Chapter 3. Getting started

Table of Contents

How to type Unicode symbols
Browsing and searching
Browsing the library
Looking at a proof under development
Searching the library
How to compile a script
The authoring interface

If you are already familiar with the Calculus of (Co)Inductive Constructions (CIC) and with interactive theorem provers with procedural proof languages (expecially Coq), getting started with Matita is relatively easy. You just need to learn how to type Unicode symbols, how to browse and search the library and how to author a proof script.

How to type Unicode symbols

Unicode characters can be typed in several ways:

  • Using the "Ctrl+Shift+Unicode code" standard Gnome shortcut. E.g. Ctrl+Shift+3a9 generates "Ω".

  • Typing the ligature "\name" where "name" is a standard Unicode or LaTeX name for the character or an ASCII art resembling the shape of the character. Pressing "Alt+L" or Space or Enter just after the last character of the name converts the ligature to the Unicode symbol. E.g. "\Delta" followed by Alt+L generates "Δ", while pressing Alt-L after "=>" generates "⇒"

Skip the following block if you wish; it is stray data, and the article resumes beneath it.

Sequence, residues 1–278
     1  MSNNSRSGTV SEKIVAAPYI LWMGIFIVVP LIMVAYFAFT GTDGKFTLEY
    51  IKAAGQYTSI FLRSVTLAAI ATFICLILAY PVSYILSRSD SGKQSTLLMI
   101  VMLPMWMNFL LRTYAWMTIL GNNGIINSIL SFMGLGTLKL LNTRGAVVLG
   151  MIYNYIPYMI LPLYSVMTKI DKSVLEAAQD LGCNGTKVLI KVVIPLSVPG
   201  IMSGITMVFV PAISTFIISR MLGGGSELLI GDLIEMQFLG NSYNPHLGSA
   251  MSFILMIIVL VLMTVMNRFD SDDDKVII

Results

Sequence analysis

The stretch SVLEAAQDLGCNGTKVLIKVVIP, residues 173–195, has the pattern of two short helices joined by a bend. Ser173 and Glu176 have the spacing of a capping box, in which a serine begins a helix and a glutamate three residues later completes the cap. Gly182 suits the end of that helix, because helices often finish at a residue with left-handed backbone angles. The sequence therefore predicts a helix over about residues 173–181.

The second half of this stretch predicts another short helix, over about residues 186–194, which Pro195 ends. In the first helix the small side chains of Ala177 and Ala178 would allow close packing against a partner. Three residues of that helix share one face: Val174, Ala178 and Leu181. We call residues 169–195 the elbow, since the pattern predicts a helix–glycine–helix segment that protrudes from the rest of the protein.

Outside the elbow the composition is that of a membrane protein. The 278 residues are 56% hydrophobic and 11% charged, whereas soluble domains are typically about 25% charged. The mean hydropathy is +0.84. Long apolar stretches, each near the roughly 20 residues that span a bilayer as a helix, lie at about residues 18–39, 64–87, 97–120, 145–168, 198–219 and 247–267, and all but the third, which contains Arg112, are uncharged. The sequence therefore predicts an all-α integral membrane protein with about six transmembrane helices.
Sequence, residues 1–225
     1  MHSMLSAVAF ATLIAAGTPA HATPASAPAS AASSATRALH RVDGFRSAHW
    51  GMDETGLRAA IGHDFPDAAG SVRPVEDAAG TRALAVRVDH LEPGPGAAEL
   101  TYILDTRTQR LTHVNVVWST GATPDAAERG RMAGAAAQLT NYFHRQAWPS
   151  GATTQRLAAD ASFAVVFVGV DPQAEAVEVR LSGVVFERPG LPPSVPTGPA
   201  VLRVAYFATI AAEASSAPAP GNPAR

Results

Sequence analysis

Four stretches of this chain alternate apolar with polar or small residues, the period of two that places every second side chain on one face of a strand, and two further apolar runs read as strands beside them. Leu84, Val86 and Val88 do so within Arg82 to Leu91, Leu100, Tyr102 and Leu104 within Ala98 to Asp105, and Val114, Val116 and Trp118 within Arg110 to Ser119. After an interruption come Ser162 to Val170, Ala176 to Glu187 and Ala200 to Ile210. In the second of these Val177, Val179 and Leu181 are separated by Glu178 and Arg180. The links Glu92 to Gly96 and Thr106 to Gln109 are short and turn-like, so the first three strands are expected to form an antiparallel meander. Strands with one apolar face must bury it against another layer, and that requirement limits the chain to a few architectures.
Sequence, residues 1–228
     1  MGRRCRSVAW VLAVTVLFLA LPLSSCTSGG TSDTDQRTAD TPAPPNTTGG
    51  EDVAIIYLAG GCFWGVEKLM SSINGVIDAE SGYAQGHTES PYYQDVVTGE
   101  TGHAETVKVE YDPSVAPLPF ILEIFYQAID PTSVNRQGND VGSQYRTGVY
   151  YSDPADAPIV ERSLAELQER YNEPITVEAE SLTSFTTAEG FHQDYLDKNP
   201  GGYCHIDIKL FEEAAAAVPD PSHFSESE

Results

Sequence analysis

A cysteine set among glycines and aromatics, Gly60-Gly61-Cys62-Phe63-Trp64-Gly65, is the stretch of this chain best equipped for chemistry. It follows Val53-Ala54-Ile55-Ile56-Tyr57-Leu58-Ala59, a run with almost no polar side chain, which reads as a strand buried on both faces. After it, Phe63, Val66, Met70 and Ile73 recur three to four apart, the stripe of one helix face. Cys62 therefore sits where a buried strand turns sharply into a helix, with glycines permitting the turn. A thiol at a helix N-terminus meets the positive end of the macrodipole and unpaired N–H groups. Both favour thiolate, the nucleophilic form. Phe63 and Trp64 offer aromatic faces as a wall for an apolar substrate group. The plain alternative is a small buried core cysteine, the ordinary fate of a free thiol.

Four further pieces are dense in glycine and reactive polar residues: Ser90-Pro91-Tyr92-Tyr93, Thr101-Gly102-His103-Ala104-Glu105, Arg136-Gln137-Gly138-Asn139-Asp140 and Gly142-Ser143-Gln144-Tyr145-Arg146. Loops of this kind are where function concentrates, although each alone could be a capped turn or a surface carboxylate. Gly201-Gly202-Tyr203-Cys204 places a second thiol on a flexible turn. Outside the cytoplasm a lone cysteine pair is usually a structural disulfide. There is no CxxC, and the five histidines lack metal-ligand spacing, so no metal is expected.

• Typing a symbol and rotating trough its equivalence class with Alt-L. E.g. pressing Alt-L after an "l" generates a "λ", while pressing Alt-L after an "→" once generates "⇉" and pressing Alt-L again generates "⇒".

The comprehensive list of symbols names or shortcuts and their equivalence classes is available clicking on the "TeX/UTF-8 table" item of the "View" menu.

There is a memory mechanism related to equivalence classes that remembers your last choice, making it the default one. For example, if you use "_" to generate "⎻" (that is the third choice, after "⎽" and "⎼"), the next time you type Alt-L after "_" you immediately get "⎻".